BLACK SEMINOLE ADAM PAINE AWARDED MEDAL OF HONOR (MOH) FOR BATTLE OF PALO DURO CANYON
Born near Alachua, Florida, in 1843, his family was moved to Indian Territory but, fearing slavery, they like many Black Seminoles fled to Mexico & fought hostile tribes in return for land. After 1865, the U.S. Army offered land, food & pay to serve as scouts. At Fort Duncan, Texas, on November 12, 1873, Paine joined the “Seminole-Negro Indian Scouts.” On September 26, 1874, he & 4 other scouts ran into a larger group of Comanche and fled. When his horse was shot, he used his saddle for cover, shot the lead attacker, mounted the man’s horse & escaped. The scouts alerted the 4th Cavalry which, the next day at the Battle of Palo Duro Canyon, surprised the Comanches. Paine & 7 others earned MOHs. Discharged in early 1875 and working at Fort Brown, Texas, he killed a trooper Christmas Eve, 1875 and fled. On December 31, 1876, authorities including one Deputy Claron Windus—another MOH winner–captured him. Windus shot Paine–the only known case of one MOH recipient killing another.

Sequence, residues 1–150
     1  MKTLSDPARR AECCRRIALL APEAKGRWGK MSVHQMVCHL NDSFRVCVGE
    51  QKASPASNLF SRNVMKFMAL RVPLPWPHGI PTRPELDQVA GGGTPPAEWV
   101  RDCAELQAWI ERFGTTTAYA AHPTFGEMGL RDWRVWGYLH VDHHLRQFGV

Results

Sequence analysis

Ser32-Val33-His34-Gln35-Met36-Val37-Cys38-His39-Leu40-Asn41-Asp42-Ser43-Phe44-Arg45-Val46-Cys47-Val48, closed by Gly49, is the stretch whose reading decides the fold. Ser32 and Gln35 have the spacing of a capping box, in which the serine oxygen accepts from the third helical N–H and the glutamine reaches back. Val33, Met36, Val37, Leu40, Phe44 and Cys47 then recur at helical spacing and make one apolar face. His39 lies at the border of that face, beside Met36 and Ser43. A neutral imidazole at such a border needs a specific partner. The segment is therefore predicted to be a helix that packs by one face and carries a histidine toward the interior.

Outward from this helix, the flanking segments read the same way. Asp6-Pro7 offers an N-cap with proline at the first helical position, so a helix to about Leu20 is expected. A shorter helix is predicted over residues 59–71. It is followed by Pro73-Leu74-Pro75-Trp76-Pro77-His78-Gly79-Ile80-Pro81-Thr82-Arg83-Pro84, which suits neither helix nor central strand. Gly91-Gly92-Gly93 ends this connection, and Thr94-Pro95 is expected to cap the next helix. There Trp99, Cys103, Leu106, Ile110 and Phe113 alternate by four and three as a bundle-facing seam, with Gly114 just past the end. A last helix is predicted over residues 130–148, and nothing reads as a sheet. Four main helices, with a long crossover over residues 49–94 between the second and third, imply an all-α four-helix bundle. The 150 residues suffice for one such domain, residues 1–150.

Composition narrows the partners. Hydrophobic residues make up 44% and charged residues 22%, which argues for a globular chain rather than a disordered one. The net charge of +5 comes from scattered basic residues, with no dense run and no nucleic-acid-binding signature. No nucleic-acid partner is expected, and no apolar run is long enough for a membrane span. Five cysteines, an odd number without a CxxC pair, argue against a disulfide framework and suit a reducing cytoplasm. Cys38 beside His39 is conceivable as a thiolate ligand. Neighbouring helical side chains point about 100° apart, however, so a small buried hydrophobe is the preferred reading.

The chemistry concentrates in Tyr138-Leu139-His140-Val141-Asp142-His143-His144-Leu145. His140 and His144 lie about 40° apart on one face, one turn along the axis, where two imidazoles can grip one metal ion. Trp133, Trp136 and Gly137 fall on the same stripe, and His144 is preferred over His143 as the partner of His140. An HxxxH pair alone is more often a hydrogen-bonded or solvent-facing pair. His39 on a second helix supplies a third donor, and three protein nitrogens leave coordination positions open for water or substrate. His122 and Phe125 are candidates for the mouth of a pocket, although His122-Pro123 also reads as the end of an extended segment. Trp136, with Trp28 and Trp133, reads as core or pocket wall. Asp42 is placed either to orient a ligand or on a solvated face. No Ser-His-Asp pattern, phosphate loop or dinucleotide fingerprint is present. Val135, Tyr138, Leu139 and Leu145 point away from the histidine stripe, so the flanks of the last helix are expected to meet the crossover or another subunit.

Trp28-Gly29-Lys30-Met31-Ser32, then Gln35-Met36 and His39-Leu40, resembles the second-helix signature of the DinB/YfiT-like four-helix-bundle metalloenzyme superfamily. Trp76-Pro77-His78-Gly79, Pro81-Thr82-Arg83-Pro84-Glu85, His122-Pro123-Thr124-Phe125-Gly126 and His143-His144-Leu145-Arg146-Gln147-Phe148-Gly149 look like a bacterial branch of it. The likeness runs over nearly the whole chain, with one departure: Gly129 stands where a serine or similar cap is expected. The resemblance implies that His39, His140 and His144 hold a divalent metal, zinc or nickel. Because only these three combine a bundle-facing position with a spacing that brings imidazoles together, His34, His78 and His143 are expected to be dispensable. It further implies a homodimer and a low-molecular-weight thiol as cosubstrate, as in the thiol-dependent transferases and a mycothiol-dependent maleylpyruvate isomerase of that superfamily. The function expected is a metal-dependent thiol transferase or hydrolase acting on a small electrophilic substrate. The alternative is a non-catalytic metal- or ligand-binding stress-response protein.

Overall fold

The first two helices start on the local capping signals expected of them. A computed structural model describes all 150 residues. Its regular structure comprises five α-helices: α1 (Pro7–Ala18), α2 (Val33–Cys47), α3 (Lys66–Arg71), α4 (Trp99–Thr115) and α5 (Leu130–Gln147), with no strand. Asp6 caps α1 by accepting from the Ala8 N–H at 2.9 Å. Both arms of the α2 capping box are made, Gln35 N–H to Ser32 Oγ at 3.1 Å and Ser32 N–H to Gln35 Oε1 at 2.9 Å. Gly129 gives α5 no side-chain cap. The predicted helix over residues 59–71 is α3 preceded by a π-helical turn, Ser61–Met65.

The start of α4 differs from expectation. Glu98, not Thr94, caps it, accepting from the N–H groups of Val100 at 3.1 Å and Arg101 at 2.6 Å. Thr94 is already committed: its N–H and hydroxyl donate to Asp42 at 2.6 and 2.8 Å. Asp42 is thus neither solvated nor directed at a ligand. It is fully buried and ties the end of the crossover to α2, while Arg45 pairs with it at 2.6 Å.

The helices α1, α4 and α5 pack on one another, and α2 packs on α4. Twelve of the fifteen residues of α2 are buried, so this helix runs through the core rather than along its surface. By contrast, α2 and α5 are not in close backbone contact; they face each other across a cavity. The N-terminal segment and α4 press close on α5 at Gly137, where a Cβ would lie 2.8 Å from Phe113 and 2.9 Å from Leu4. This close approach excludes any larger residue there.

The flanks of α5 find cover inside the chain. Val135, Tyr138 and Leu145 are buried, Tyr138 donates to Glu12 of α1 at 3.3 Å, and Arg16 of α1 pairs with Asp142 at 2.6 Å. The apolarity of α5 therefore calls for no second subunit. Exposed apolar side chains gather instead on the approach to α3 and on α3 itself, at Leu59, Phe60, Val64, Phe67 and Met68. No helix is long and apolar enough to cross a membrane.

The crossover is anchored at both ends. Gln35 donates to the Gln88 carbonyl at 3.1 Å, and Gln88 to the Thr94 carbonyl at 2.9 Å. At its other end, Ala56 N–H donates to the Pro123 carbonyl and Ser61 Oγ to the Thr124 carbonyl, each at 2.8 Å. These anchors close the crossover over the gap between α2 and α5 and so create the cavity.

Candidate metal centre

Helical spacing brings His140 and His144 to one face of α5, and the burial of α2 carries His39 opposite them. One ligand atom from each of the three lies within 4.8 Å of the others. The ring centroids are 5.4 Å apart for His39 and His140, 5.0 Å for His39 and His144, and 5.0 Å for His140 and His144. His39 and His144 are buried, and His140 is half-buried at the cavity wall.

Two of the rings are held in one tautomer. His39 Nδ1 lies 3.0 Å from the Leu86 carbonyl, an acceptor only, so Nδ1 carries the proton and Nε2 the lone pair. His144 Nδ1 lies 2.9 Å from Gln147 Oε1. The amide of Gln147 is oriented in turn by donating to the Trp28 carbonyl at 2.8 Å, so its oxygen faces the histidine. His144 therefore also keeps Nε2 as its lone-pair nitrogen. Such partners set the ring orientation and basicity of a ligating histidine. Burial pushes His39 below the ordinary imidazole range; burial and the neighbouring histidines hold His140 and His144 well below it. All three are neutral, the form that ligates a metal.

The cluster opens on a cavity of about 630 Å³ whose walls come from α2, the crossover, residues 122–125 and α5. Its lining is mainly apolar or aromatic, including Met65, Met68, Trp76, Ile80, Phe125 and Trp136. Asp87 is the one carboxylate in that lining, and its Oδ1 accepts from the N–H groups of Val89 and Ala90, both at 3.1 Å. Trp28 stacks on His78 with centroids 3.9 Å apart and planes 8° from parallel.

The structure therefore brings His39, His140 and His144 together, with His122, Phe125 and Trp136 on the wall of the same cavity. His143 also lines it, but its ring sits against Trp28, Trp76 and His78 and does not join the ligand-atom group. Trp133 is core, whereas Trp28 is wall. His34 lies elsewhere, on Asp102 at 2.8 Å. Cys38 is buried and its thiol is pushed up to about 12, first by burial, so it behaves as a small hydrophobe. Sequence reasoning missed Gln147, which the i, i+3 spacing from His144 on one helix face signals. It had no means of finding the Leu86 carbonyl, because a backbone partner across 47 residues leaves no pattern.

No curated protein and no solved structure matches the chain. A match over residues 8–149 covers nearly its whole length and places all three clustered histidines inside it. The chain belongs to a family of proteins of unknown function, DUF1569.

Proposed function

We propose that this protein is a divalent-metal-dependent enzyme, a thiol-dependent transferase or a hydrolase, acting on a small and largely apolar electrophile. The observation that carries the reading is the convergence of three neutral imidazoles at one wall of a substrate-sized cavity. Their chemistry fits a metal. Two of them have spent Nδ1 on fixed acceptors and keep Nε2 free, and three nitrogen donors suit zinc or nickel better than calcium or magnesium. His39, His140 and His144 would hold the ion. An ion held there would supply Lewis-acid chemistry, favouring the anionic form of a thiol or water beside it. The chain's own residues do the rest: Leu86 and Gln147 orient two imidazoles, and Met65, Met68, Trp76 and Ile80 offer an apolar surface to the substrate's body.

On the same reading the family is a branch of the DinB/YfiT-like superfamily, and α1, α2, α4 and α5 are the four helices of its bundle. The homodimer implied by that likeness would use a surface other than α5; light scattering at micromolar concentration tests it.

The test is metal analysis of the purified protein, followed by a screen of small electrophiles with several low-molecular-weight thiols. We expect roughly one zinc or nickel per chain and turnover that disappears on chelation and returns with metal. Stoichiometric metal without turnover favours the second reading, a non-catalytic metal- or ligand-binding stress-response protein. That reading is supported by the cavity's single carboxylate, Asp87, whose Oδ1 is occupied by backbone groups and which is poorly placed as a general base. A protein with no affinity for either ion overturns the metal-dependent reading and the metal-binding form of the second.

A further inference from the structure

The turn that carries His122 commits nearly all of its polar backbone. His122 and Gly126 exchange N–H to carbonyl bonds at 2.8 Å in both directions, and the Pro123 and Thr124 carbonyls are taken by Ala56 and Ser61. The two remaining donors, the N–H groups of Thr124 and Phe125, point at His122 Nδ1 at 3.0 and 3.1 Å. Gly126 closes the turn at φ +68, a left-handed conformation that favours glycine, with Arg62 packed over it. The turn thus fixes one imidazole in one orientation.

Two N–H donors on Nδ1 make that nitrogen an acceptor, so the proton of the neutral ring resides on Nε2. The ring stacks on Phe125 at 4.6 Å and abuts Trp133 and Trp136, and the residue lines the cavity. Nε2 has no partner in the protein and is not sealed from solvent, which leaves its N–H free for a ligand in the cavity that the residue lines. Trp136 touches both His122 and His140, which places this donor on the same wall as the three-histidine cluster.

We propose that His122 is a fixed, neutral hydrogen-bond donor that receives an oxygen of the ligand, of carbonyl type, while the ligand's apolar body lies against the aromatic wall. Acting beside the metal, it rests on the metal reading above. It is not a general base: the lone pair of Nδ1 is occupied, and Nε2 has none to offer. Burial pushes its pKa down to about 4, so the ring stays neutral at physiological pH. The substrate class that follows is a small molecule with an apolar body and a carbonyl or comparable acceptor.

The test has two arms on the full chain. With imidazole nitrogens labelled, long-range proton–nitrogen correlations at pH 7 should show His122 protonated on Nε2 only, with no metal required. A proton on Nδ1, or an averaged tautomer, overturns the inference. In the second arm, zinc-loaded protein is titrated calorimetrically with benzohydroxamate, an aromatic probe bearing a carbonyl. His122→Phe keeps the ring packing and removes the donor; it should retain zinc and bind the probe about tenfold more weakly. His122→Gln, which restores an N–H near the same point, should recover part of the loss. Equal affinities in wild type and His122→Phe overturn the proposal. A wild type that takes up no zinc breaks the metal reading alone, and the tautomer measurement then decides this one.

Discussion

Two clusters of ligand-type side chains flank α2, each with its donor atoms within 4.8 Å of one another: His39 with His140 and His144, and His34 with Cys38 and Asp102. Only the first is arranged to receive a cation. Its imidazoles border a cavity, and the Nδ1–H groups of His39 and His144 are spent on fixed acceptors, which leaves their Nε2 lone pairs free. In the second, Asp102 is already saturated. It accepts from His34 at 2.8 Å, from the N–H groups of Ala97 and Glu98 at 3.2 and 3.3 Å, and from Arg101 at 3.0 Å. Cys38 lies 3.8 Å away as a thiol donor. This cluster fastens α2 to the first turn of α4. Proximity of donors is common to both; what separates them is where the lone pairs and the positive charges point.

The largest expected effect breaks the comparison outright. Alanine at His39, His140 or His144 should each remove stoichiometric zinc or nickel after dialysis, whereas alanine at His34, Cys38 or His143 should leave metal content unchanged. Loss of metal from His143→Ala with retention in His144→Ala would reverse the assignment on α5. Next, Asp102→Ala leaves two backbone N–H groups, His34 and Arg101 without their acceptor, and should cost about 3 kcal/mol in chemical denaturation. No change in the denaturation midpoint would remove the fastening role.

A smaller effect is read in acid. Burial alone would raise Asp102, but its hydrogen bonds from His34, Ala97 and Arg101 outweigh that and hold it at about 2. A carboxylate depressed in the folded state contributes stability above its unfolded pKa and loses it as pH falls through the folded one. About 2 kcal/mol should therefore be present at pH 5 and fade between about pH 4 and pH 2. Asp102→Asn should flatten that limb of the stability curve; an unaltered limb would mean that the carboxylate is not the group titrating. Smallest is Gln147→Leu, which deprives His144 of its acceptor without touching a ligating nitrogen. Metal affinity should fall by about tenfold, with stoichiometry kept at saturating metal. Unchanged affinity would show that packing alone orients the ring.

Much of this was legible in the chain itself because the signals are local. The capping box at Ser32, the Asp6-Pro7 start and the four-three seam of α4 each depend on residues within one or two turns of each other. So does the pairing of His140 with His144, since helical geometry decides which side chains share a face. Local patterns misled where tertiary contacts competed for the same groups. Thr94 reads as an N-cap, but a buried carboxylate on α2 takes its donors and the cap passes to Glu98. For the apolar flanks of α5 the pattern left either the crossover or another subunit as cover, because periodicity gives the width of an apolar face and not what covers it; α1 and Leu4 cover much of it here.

Sources: “Adam Paine: Medal of Honor Recipient,” Seminole I.T. Retrieved 7/23/2020, http://www.seminolenation-indianterritory.org/adampaine.htm Wikipedia. Photo: Author unknown, 1914. Public Domain.